Sugar Land man sentenced for investment fraud scheme

Published 8:57 am Tuesday, January 25, 2022

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PORTLAND, Maine:  A Texas man was sentenced in federal court today for conspiring to commit wire fraud, U.S. Attorney Darcie N. McElwee announced.

U.S. District Judge John A. Woodcock, Jr. sentenced Russell Hearld, 46, of Sugar Land, Texas, to 29 months in prison and three years of supervised release. Final determination of the restitution owed to victims was extended until April. Hearld pleaded guilty on May 24, 2021.

According to court records, in 2017 and 2018, Hearld participated in a scheme to defraud involving investments in Standby Letters of Credit (SBLCs). Investors were promised that they could receive a portion of the value of an SBLC, worth millions of dollars, for a much smaller initial investment. Investors were promised returns equal to many times the amounts of their initial investments in a matter of weeks. They were also promised that their money would remain in the attorney trust account of a co-conspirator—who at the time was a licensed attorney in Florida—until confirmation was received that the SBLC had been issued.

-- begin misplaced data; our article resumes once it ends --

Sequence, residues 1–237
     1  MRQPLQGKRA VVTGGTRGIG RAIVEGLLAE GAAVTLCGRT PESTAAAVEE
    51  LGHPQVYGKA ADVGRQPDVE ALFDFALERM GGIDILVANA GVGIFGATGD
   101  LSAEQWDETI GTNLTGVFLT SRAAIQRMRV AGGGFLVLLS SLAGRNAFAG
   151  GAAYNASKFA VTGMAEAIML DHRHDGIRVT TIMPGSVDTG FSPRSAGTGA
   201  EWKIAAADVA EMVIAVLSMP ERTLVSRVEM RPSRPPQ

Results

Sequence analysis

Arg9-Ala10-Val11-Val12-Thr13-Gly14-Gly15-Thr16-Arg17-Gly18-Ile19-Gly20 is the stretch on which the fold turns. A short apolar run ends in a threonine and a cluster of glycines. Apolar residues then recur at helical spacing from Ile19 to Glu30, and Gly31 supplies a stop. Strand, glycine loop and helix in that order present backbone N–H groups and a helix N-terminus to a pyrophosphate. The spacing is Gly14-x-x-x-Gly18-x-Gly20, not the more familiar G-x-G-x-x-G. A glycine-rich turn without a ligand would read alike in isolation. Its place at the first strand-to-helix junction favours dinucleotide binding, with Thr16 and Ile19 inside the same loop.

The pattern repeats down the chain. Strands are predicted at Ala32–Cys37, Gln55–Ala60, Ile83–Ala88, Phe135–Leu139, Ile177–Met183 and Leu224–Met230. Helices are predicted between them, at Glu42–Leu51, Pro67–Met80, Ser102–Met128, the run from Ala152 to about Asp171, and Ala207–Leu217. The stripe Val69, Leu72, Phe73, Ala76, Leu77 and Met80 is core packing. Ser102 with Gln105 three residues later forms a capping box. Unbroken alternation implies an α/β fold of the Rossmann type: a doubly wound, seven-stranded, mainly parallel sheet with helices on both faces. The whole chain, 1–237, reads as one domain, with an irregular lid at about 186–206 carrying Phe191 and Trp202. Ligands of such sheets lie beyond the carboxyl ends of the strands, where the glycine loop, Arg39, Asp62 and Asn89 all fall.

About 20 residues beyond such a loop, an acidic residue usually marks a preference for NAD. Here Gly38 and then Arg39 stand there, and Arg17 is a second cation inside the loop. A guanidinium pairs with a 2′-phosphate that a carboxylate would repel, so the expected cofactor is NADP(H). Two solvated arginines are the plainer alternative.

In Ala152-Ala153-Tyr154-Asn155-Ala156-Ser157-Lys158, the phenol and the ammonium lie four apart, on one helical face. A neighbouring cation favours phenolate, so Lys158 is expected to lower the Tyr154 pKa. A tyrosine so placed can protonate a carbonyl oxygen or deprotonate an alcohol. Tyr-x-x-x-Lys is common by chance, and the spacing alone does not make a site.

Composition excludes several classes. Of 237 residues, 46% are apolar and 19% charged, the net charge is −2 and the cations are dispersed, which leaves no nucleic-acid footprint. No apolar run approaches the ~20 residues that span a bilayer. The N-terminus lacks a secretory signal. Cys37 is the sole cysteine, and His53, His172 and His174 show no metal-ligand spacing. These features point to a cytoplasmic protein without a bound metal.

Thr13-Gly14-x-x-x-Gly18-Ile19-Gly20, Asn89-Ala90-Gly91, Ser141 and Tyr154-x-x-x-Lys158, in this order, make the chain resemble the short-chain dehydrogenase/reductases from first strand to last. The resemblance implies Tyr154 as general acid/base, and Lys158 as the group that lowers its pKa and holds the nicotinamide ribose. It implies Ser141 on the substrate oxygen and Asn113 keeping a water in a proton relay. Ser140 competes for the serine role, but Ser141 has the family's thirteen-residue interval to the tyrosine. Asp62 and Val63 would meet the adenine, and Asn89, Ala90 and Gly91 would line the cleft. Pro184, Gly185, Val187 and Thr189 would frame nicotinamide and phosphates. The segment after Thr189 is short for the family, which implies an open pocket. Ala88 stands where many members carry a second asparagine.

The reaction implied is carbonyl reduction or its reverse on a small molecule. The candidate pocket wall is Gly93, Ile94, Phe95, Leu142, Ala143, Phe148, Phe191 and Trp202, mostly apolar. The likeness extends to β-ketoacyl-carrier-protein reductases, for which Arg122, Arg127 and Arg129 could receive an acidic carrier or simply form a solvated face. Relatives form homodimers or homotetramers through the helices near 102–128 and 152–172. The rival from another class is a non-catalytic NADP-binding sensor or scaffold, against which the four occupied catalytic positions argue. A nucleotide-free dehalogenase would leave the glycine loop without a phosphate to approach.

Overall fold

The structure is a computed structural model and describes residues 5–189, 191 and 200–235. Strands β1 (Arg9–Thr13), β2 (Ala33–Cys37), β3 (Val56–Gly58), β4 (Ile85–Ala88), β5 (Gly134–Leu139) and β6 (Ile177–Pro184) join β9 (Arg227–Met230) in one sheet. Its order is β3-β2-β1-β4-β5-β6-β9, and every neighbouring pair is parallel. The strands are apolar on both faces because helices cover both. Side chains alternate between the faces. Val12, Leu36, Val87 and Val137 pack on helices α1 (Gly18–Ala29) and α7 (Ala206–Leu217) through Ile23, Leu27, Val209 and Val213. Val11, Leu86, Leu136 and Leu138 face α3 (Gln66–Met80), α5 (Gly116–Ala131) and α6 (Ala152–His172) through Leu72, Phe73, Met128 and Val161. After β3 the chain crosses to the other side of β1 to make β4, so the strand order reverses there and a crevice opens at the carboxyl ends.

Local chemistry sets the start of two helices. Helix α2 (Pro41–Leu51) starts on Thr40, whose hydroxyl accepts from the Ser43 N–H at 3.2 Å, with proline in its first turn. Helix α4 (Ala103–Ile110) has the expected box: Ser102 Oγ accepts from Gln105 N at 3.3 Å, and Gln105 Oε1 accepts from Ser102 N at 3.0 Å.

Contrary to these representations, Hearld routinely directed the co-conspirator attorney to withdraw investor funds as soon as they were deposited into the attorney’s trust account. For example, in March 2017, an investor wired $500,000 from his bank account in Maine to the attorney’s trust account in Florida. On the previous day, Hearld had sent the attorney an email, directing the attorney to disburse the investor’s funds. At Hearld’s direction, the attorney wired $200,000 to Hearld’s bank account; $150,000 to the account of the attorney’s law firm; $100,000 to the account of another co-conspirator; and $40,000 to the attorney’s personal account.

While discussing the reasons for his sentence, Judge Woodcock noted that Hearld took the victims’ money for “completely selfish reasons.” He also noted that Hearld owed over $13,000 in past due child support, and said it was “just disgraceful” that Hearld had failed to meet his support obligations despite personally receiving over $2 million in the fraud scheme.

The FBI investigated the case.